This experience could have left him with a bitterness towards humanity, but instead he chose to direct his innate curiosity to understanding and trying to help others in need. Polak practised psychiatry for two decades before shifting his attention to the problem of global poverty, especially those who were surviving on $1-2 per day.
Animated by his experiences as a child and equipped with his training as a psychiatrist, Polak sought to fill the gaps where the Green Revolution failed to reach those most in need. What made Polak special was where others saw insurmountable obstacles, he simply saw challenges that needed solutions – or, as he said to me once, “People often say I’m an innovator… if innovation is walking along a sidewalk and, on reaching a step, you step up and continue walking, then sure, I’m an innovator.”
Polak understood that the key to changing behaviour and affecting change was to look for solutions most in harmony with the people for whom the solution is intended, to include them in the process, to track progress, and to adjust the approach when needed. His most basic tenet was to treat people who are lower on the socio-economic ladder (in his work, those making $1-2 a day) as customers rather than charity recipients. At the heart of this message is an appreciation of the role of human dignity and feeling of accomplishment in promoting behavioural change.
The climate crisis fight is not the same as the anti-poverty fight or the Green Revolution, but they are all inescapably linked. Mountains of research show over and over again that it will be people lower on the socio-economic ladder who are most impacted by the climate crisis. This is true worldwide, from Kolkata to Merseyside. Here in Liverpool, it might not look like a community decimated by wildfire or a village washed away in a hurricane, but it might look more like fuel poverty, leaking houses due to extreme rainfall and flooding, or rising food costs, and it will be those already struggling to make ends meet who are hit the worst.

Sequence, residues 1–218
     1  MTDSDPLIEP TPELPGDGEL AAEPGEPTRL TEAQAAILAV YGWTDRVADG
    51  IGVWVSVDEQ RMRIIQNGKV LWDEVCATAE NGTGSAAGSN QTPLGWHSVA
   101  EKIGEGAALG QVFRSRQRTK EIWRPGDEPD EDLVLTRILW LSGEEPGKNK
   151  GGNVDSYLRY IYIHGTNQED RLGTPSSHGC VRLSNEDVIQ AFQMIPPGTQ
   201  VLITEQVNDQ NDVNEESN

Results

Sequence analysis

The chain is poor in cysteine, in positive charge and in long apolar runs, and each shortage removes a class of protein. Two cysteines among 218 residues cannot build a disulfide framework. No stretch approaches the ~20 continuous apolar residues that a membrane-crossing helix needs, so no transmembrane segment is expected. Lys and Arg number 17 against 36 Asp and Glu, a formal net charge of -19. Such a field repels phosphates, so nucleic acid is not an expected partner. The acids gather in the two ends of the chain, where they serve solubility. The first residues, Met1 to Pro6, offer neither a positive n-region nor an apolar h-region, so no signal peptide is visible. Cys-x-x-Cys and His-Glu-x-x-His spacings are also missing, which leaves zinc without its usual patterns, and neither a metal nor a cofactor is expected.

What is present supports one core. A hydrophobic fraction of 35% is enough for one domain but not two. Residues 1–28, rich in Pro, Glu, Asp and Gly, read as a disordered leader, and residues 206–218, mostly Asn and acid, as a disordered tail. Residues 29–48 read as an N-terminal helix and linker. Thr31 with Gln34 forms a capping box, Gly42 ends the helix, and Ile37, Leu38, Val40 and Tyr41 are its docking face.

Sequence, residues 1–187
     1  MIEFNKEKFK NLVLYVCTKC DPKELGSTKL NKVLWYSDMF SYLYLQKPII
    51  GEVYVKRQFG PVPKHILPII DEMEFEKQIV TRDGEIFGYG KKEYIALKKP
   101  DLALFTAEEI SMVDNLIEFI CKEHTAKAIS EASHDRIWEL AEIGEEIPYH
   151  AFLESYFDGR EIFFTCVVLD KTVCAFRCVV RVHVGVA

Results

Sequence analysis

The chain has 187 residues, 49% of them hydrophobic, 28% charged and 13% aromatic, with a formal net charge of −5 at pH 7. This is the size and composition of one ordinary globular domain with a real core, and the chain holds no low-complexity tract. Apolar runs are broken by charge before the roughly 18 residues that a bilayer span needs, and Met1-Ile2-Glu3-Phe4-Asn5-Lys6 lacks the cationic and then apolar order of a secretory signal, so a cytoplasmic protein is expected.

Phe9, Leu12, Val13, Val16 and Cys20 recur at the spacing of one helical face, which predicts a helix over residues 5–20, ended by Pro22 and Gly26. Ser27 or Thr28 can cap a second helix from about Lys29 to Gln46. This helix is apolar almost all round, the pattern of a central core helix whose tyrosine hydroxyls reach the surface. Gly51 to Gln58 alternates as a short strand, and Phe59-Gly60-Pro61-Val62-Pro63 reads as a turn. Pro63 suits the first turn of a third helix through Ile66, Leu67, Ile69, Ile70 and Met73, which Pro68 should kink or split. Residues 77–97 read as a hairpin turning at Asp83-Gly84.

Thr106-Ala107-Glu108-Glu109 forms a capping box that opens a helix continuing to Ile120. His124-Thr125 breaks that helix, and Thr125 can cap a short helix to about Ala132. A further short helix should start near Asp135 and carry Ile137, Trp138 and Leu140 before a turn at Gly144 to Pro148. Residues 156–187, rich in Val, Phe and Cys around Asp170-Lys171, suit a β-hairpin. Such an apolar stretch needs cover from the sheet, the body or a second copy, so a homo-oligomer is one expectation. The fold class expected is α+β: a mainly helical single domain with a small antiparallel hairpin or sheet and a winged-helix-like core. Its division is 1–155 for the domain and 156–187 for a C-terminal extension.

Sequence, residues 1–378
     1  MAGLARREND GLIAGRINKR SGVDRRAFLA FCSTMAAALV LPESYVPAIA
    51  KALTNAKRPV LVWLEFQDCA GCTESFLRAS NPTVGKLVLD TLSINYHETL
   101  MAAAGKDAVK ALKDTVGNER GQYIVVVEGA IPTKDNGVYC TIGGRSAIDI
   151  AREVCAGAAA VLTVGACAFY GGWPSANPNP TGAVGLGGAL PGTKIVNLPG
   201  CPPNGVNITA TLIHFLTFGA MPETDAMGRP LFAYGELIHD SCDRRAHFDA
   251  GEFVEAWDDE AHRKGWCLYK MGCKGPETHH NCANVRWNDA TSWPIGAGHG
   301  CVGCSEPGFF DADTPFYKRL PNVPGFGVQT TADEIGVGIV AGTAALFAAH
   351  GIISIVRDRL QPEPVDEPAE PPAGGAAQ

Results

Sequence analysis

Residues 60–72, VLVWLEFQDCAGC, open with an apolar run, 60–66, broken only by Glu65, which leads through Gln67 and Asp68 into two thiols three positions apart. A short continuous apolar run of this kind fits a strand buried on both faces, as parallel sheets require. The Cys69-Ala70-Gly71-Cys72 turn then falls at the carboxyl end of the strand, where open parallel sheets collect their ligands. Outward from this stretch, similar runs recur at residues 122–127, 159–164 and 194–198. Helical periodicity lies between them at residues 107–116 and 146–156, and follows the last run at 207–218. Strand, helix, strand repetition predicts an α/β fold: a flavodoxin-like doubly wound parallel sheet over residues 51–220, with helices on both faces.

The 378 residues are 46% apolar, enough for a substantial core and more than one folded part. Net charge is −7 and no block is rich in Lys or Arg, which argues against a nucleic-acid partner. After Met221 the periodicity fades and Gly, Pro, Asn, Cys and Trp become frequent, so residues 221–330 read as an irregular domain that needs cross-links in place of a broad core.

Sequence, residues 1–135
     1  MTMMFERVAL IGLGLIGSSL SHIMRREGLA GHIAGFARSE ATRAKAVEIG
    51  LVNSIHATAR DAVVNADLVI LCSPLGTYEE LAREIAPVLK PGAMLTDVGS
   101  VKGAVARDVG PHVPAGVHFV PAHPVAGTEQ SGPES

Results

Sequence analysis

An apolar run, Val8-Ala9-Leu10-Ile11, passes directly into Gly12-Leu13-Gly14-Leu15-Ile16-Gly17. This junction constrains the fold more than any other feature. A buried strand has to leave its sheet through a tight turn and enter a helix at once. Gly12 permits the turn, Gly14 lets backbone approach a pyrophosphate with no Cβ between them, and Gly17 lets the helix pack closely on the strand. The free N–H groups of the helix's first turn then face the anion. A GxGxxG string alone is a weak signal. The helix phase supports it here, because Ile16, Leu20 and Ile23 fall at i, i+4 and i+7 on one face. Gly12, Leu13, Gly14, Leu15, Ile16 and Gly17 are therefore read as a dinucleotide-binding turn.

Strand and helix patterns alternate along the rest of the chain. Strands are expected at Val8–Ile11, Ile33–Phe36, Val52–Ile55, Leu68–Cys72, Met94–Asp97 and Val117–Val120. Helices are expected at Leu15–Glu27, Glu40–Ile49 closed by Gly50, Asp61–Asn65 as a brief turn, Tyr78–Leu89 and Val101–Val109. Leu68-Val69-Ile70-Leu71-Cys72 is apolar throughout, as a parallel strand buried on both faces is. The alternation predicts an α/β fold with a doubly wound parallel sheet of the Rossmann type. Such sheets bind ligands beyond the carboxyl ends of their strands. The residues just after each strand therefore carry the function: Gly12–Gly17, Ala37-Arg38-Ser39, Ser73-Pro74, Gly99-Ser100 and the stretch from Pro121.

The climate crisis monster we find ourselves facing encompasses far more than the environmental realm – its roots are buried in centuries of deep-set behavioural patterns and social paradigms. Years and years of damaging activity, pursued even when we suspected, and then became fully aware of the impacts, have driven us to this crossroad. Tackle the beast and its many faces? Or be blissful in our apathy, ignorance and business as usual?
We all know which is the easy option, and we’ve probably all felt justified in reneging on our personal responsibilities to be better – to use less, reuse more, throw away less, and vocally support difficult or disruptive plans, policies, or technologies. It is exhausting, and anxiety-inducing to be in a constant state of worry about the looming destruction of humanity and it is much easier to ‘opt-out’ and just keep planning your next trip to Tuvalu – yet we all play a big role in challenging the climate crisis.
So, how do we take on this issue as individuals (yes, yes, we are all individuals!) and maximise our impact? Put simply, there is no single answer. There is not one action you could do that would be the ‘right’ way to go – each one of us must choose our own way to contribute. Your contribution is not just certain individual choices you can make, like choosing to go meat and/or dairy-free a couple of times a week, reducing and reusing water whenever possible, or driving less – your most important tool is your voice and how you exercise your expectations of how society should operate.